Under the Rainbow: A mothers experiences of the promises of God

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Jeff Tanyard. Sometime: the Plague World. Instead of looking through it or beyond it, we look at it. No wonder we become confused. As a pastor I have stood with many members and non-members when the storm came. I was with the Daltons when their precious baby was born with such unbelievable complications that living more than a few hours was a total impossibility.


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Mark and Debbie and I stood in the pediatric ICU and watched that little bundle of love breathe its last breath. They looked beyond the storm and found comfort. They traced a rainbow through the rain! Butch Redford was a good friend in high school He was with me the morning I was saved. He was quite a guy, six feet six, a basketball star, and a boxing chaplain.

When we graduated, most of our group attended college while Butch fulfilled a boyhood dream of becoming a United States Marine. One dark night in a rice paddy somewhere in South Vietnam, a sniper put a bullet through his heart. There in the darkness alone he gave up the ghost. How long are we going to pray and ask for God and not get an answer? Why Butch was only 19 years of age.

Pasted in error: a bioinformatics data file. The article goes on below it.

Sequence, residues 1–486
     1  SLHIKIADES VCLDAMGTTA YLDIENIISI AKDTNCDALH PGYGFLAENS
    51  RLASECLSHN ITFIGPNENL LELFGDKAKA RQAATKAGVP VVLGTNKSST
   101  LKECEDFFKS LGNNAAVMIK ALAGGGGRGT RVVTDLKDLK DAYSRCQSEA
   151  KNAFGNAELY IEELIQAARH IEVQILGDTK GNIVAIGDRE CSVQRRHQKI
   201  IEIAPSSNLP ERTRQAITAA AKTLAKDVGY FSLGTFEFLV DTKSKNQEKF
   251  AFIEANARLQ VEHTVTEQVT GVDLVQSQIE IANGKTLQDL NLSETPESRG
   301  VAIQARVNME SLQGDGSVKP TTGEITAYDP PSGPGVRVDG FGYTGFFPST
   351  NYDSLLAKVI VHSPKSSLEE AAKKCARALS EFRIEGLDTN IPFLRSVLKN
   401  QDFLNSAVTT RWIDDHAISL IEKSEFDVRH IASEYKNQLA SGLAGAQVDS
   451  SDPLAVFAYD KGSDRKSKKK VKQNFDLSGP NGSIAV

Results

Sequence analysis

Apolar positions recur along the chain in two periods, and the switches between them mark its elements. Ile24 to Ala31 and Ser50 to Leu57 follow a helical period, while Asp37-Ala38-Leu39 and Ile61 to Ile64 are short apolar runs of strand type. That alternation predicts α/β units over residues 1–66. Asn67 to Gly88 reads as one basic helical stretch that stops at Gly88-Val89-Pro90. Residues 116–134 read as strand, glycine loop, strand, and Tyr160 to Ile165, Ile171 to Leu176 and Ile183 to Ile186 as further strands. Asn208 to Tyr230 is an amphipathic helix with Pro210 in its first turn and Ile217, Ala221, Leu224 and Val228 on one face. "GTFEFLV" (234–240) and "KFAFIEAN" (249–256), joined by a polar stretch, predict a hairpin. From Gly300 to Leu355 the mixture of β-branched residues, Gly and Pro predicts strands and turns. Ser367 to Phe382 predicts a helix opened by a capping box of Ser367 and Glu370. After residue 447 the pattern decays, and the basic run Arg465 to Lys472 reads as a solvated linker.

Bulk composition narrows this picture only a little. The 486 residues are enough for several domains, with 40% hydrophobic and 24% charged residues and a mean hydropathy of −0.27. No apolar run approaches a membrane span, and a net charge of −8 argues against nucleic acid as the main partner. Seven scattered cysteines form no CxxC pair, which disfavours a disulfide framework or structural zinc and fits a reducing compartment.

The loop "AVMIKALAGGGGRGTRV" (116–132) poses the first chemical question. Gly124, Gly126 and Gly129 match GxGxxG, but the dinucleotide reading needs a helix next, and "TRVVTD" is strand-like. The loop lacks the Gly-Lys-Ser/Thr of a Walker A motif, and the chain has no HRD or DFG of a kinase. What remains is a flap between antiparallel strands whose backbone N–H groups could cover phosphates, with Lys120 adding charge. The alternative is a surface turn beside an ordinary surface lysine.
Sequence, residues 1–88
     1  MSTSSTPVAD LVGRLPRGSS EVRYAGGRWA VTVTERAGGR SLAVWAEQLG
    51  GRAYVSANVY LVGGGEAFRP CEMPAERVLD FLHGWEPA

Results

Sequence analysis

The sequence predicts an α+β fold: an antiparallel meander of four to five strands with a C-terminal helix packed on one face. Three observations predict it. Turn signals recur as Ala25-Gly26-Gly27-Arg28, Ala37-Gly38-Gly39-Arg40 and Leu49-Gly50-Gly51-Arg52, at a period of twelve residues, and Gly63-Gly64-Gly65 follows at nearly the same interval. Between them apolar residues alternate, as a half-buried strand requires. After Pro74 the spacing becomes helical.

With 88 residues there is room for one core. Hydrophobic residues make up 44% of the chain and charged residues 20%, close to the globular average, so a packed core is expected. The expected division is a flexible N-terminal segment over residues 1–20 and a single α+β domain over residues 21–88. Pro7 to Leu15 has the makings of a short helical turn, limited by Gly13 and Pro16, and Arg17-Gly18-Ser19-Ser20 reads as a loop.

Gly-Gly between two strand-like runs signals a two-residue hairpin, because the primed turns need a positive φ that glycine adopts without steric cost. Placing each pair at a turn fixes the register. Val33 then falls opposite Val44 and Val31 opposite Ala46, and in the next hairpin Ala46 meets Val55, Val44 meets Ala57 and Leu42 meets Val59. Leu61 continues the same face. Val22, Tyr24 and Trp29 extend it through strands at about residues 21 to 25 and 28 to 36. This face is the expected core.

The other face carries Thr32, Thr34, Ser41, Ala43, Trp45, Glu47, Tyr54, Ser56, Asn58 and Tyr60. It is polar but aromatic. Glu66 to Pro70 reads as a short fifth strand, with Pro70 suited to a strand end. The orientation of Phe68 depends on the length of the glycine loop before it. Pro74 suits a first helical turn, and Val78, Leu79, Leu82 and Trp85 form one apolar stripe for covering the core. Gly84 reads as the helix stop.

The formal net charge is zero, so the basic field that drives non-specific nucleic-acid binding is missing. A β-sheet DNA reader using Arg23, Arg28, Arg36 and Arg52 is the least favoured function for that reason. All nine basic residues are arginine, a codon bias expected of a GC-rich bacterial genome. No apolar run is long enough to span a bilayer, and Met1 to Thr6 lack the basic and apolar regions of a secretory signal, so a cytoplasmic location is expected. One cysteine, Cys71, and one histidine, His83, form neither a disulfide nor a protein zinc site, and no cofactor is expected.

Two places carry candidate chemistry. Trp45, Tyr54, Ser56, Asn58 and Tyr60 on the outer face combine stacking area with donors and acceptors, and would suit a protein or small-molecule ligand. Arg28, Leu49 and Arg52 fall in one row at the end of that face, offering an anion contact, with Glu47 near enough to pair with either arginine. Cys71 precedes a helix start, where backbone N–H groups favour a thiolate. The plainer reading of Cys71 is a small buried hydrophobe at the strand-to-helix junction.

One of my most heartbreaking moments was when I received that call from Tom Elliff, then my missionary friend in Zimbabwe. He and his family had left the pastorate of one of the fastest-growing churches in America to bury their lives in a distant land in the service of the Lord Jesus. He called to report that Jeannie and the children had been involved in a dreadful automobile accident on a road out in the bush. Beth, their beautiful teenage daughter, had left her friends and school where she was a cheerleader. Because of the love she and her family had for the African people.

Now she was in critical condition, and at best would face several years of plastic surgeries. Many would have looked at the storm. How long is this going to go on? He traced a rainbow through the rain. We as believer shave never been promised lives free of difficulty and trial.

True victory is ours when we learn to look through the storm and beyond it to trace a rainbow through the rain.

Rainbows begin to appear when we realize that:. How do we look through a storm? The first step is to have proper perspective. In modern-day Israel, it is not uncommon to pass through the countryside and see a watchtower. It is a stone structure where one could ascend to the top and see if the enemy was coming, where one could see the layout of the whole land. When we merely look from our perspective, our vision is often limited.